The World's Most Popular Sentence
When you said it this morning, what did you really mean?
So much of our attention is on the L word: love longed for, love discovered, love gone wrong, gone crazy, gone away, rediscovered, laughed at and criticized.
And the most repeated sentence of all time?
"I love you" (to a romantic partner, sibling, parent-child or friend).
Problem: some say it when they want something, while others do it to hear it back; still others are really asking,"Are we okay?"
Some have tossed "I love you" back and forth so often that it has long since lost all meaning. Even when things are not going well, still, it returns like an echo.
And believe it or not, there are those who only say it to express strong affection and caring.
If the 'I love you' in your relationship has been drained of life, or if it has come to mean something else, there are two ways to put the magic back.
Use it only to express warmth and caring. For those who want to know if the relationship is okay, or if their partner still cares, take a deep breath and ask.
And for those who want to hear it back, again, start with a deep breath and ask. Vulnerability, all by itself, can go a long way toward deepening a relationship.
The second way to ignite those 3 words? Stop the echo.
Instead, when you hear that remarkable sentence, take a moment to take it in -- all the way in; and then take another moment to enjoy it. Let it lift your heart. Your life.
Oh, and be sure to let the other person know what you are doing before going silent, which brings us to this.
What happens when our own 'I love you' is met with silence; you know, when the other person is busy taking it in? Some of us will be feeling (very?) uncomfortable, but that discomfort is just a feeling, a feeling that fades.
And with a bit of persistence, you too can experience the miracle: that amazing sound of love as it surrounds the other person; and have the same experience as it surrounds you.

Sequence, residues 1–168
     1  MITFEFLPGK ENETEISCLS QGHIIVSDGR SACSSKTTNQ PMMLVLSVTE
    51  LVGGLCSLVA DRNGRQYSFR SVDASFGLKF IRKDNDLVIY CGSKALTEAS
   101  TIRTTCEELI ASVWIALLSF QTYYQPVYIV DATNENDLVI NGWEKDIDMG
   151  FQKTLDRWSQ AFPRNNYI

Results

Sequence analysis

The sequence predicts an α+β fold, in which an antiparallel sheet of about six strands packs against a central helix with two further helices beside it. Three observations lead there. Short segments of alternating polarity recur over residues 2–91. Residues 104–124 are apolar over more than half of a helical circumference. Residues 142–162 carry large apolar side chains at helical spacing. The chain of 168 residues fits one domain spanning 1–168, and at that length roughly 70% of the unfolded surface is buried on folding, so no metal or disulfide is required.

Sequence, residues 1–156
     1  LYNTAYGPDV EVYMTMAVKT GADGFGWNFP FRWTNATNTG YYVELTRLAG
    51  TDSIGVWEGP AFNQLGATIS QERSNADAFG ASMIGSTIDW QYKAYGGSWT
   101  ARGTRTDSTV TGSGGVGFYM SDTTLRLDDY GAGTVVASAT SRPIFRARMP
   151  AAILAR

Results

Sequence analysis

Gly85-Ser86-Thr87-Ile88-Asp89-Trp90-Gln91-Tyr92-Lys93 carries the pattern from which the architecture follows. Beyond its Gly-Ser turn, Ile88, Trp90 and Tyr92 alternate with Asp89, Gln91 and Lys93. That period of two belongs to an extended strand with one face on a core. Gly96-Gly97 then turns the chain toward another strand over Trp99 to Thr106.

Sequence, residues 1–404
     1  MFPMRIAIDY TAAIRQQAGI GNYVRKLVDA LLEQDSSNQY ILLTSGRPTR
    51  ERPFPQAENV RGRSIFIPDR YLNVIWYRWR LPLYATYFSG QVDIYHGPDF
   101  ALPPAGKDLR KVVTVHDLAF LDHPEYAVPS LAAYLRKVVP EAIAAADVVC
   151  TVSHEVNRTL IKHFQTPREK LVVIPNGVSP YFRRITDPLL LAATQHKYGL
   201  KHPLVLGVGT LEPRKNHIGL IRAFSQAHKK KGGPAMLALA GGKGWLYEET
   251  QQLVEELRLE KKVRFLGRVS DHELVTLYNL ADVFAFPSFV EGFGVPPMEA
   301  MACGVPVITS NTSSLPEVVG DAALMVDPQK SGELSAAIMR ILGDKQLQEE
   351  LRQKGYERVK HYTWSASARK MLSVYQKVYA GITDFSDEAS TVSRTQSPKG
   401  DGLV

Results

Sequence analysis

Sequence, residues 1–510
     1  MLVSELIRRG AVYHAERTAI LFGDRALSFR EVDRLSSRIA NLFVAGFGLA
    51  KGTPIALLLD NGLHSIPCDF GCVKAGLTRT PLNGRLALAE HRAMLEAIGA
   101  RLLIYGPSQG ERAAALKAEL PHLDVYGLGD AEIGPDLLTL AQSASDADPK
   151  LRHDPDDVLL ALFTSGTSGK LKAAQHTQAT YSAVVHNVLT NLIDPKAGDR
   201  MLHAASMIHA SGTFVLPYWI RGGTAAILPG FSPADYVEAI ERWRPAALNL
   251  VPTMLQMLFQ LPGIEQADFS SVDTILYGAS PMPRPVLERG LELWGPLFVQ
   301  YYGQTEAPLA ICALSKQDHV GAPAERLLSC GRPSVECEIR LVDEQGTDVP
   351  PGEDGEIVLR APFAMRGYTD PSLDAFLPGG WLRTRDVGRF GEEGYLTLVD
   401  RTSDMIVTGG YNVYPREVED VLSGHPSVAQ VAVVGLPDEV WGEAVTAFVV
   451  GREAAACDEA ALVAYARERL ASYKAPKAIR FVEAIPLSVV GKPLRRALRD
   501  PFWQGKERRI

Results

Want deeper connections?
Let go of the past
When I was eleven, my cousin stole my birthday money—all of it.
As a young man, the love of my life told me she needed to move—out of state—in a few days! And nothing was said about staying in touch.
When I was older, a co-worker went on a campaign of backstabbing lies to the boss. And he got what he wanted. My job.
Have you noticed how easy it is to be bitter? I hope not, but if so, you will know how hard it is to stop.
What makes it worse, what makes it awful, is that the target of my bitterness is out there living life; he or she is not feeling much if any of this; her or him is entirely unaware or completely ignoring me.
For those caught in this agonizing web of pain, for all of us who have at least thought of stopping, the question is How?
Bitterness, and those other feelings, come from our emotions, and emotions cannot be turned off. They come up when they please, and, at most, can only be repressed.
What to do? Let them go.
The negative emotions, thoughts too.
The negative parts of those relationships.
There are 3 simple steps, and they are clearly laid out in this slightly emotional post:
How to Let Go into a Better Life
It's free and comes with some entertaining support 3 times a month.
With none of the usual ads, no spam or address sharing and an easy opt-out too.
A Quick Look Back:
I began this in-ward journey on Feb. 10, 1971
Over the decades, I have
* Guided individuals and workshops
* Written 6 books, plus 1 for young adults & 2 for children
* Written a nationally syndicated newspaper column
* Hosted a radio talk show on creating positive change
* And you can find me on Twitter andYouTube ( @DanielSperaw )